Republicans offer alternative stimulus proposal to President Courtney
By Senate GOP,
“Oregonians are hurting, they need help paying for milk, heat, food, rent”
Salem, OR — Senate Republicans met with Senate President Peter Courtney (D-Salem) Friday morning to offer an economic stimulus proposal designed to immediately put money back into Oregonians’ pockets and create long-term, lasting jobs. The plan would simply give Oregonians part of their tax refunds now, rather than next year. Republicans are offering an opportunity to forge a plan that involves key investments in needed infrastructure and some financial relief for Oregonians.
“Oregonians are hurting as they face reduced hours and record unemployment; they need help,” said Senator Brian Boquist (R-Dallas). “Every extra dollar in the average Oregonians’ paycheck helps pay for winter coats, school books, the heat bill or rent. This plan puts money back into their pockets and back into the economy where it will create permanent, local jobs.”
The plan proposes a reduction to the income tax withholding tables that will put more money back into every Oregon employees’ paycheck. By reducing tax withholdings immediately, $100 million will be put directly into the Oregon economy over the next 6 months to help create jobs. It will also serve to increase consumer confidence, a crucial key to economic recovery. The plan will cost $50 million this budget cycle, which Republicans propose paying for by rescinding part of last year’s $358 million in pay increases the Governor handed out to state employees.
Republicans also proposed an emergency declaration for $1 billion in bonded projects scheduled to be sold over the next 6 months so that the projects they fund can be started quickly. The projects, already planned and authorized, will create thousands of jobs and can be accelerated by removing bureaucracy and red tape so that economic stimulus can be created immediately.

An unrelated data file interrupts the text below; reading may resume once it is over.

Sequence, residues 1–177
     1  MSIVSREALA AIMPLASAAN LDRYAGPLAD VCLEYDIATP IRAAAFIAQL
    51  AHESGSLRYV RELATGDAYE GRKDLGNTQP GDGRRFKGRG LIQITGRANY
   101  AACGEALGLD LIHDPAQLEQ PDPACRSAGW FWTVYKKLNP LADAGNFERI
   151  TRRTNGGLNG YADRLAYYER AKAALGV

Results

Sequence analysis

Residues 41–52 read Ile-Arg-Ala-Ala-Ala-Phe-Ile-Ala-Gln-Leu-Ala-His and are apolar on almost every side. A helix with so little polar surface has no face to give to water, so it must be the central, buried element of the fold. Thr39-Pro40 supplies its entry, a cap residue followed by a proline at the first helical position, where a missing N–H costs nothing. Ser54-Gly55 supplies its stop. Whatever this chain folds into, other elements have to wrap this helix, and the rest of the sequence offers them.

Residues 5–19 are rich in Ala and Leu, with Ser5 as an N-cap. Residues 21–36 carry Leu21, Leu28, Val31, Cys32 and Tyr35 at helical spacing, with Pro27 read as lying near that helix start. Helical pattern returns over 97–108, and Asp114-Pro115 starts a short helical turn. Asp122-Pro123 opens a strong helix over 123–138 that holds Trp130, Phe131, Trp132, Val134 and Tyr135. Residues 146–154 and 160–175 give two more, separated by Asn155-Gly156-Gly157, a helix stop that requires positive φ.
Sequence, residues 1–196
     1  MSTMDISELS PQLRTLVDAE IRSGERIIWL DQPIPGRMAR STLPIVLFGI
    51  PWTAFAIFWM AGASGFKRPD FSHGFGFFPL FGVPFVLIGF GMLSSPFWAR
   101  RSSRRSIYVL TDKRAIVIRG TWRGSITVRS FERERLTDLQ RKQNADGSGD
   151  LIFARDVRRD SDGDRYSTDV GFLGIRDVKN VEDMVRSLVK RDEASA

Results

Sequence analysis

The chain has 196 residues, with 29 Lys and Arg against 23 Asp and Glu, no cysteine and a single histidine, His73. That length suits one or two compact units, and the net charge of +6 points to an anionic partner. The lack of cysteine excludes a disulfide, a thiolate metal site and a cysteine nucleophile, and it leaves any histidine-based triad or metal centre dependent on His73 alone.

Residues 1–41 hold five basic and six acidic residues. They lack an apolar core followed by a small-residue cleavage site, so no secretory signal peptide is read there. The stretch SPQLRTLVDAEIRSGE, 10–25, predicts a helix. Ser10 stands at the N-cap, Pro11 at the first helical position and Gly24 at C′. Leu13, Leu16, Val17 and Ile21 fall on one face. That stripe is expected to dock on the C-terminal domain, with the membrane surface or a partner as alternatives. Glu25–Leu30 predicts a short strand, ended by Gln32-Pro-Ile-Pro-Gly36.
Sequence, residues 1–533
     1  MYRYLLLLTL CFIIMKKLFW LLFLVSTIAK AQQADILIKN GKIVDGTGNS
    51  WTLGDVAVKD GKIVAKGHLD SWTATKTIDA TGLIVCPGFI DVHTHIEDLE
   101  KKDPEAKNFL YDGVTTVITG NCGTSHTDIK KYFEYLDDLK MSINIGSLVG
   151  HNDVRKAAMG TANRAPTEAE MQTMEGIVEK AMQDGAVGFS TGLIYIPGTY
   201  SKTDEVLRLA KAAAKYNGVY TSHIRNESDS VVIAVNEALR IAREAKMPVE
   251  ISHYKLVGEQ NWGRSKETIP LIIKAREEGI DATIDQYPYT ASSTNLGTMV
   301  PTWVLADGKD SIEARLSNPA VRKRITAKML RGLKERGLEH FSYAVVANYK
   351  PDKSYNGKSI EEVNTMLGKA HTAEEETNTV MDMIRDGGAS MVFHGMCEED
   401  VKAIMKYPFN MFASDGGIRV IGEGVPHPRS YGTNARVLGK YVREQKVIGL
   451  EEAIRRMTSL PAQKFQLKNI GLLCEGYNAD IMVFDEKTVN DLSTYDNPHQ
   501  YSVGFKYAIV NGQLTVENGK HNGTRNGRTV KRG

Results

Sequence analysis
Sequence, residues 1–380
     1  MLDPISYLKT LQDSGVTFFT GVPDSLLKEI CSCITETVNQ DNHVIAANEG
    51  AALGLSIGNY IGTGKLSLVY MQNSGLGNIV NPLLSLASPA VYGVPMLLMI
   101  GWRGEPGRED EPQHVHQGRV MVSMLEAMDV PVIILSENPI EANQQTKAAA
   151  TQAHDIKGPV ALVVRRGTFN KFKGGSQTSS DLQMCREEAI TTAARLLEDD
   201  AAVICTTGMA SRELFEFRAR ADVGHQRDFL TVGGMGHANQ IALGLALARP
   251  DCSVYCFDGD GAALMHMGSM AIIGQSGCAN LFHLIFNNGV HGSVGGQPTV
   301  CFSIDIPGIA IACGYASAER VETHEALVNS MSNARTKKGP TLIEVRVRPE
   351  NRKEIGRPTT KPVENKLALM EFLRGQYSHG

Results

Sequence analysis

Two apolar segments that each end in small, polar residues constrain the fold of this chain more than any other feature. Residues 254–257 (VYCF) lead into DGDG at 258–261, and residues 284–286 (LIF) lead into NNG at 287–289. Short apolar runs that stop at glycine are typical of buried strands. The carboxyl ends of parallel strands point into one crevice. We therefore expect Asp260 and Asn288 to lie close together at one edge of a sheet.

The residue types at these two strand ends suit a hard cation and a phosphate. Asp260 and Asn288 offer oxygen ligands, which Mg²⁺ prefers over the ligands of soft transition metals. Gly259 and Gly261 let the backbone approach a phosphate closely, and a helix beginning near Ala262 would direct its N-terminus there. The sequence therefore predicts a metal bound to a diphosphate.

“We would like Senate Democrats to work with us to craft a stimulus package that does more than simply go on a borrowing binge which only puts Oregonians to work for a few weeks. Instead of creating busy work, let’s create lasting jobs,” said Senator Ted Ferrioli (R-John Day). “We are open to bonding that might allow us to invest in careful, thoughtful investments in key infrastructure for the future.”
Republicans, who learned of Courtney’s borrowing plan only last week, are saying “President Obama has set a commendable example of how to construct a bi-partisan stimulus package that includes all parties and perspectives using a “go slow” approach at the front end. Obama’s stimulus proposal has brought Republicans and Democrats to the table and includes both infrastructure investments and tax relief. Republicans are calling on Courtney to follow Obama’s example and include Republicans in the creation of a state stimulus package.”
The non-partisan Congressional Budget Office (CBO) echoed the views of many economists who say the most effective way to stimulate the economy is to provide money either through tax cuts or direct payments.